I give the mom my coke and rick goes to get one of the interpreters so I can give her the news, which I’ve been asked to do and which is appropriate. I’m a mom, I brought her in. she knocks back half of the coke like someone who hasn’t eaten in awhile (during the ride to the hospital she’d confided that she had no food at home for her children) and while she’s chugging I have this weird screwed up ironic mental image of being in a Coca Cola commercial, you know “have a Coke and a smile” – the nice white doc giving a Coke to a poor Haitian mom only it’s over me about to tell her that her baby daughter in going to die in the next day and there’s just absolutely nothing to smile about in this situation.
the neonatologist comes back with the interpreter and walks away because he’s really sad. Geoff comes over and stands by where I’m sitting with the mom and her baby, whom she is now tenderly dressing back into her little tiny clothes. and I am telling the interpreter what to say and he just can’t believe it and he tells me he cannot tell a mother her baby is going to die. and I said we have to and I don’t speak enough Creole so I know this is so hard but I really need him to tell her so I know she understands. The mother is clearly not getting that there’s nothing we can do to help her baby. Finally she starts to get it. It sinks in. But true to my experience of Haitian patients her countenance remains cool, calm, stoic. There’s some mixture of denial and resoluteness.
4:57 PM tracyromm: you ok? can it get sadder than that?
4:58 PM me: Sadly it can get sadder than that here. We’ve got a premie in the NICU we’ve been taking care of. His mom died in childbirth…This Haiti. It seems it just keeps getting sadder!
Interestingly, it is clear that this young mother does not want to see or hear our sadness for her situation because in her mind, God can save this baby if God wants to. So through the interpreter I honor her belief by saying, “It’s in Gods hands,” which is how Haitians seems to accept things going one way or the other; it allows hope and it also allows acceptance. Not my religion or language, but really important to support.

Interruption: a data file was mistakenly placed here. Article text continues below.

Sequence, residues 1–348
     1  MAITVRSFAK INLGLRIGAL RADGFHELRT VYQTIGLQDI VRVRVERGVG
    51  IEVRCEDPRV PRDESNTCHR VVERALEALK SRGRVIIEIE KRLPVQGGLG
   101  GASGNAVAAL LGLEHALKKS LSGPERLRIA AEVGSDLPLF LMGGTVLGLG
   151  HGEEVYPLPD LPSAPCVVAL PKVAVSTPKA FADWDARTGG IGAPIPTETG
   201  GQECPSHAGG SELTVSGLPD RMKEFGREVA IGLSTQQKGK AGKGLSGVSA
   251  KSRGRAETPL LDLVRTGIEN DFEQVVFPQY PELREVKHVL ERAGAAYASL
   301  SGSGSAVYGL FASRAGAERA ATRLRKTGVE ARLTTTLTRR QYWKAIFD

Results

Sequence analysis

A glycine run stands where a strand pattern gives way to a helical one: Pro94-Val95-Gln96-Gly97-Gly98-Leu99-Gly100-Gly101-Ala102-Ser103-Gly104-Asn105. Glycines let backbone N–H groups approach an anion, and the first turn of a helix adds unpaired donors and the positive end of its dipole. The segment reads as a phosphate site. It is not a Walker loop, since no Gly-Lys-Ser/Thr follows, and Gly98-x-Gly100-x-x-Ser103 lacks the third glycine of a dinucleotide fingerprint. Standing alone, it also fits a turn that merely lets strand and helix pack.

Geoff gives her money from his pocket as she has literally nothing, and otherwise there is no way for her to get the 45 minutes back to home. Another woman appears from nowhere. It turns out it is her sister (whether literally I don’t know, but I’m just so glad she’s not alone). We didn’t want to just have her go 45 minutes home alone in a tap tap! The other woman just happened to be at the clinic that day. She might be pregnant. Couldn’t tell for sure.
The momma has the remaining coke in her hand and turns to give me the rest for me to finish and she thanked us very much. I told her to keep the coke and she handed it to her sister who began to drink it as they walked away….More Coke commercial images give me this sense of irony that blunts my sadness for the moment…
5:00 PM tracyromm: resilience, or resignation?
me: It’s both, T. How the hell else do you survive in a place where middle class means that you have a roof over your head – literally even if you have nothing else – just the roof!
5:14 PM tracyromm: gotta run. maybe we can connect later.
5:15 PM me: yeah. we might go to deliveries, but if not let’s catch up around 9:30 ish. want to tuck in earlier and read this evening. Family medicine is amazing, eh? Truly cradle to grave medicine, though sadly in this case that only encompassed 18 days for this tiny girl. So glad to be a family doc and midwife. It’s an amazing combo in a place like this…Anywhere, really.
5:16 PM tracyromm: indeed. xoxox
me: ciao! xxoo
all photos in my blogs from Haiti were taken and shared with permission
the more joyous side of things
some lovelies who will make it past 5 yo here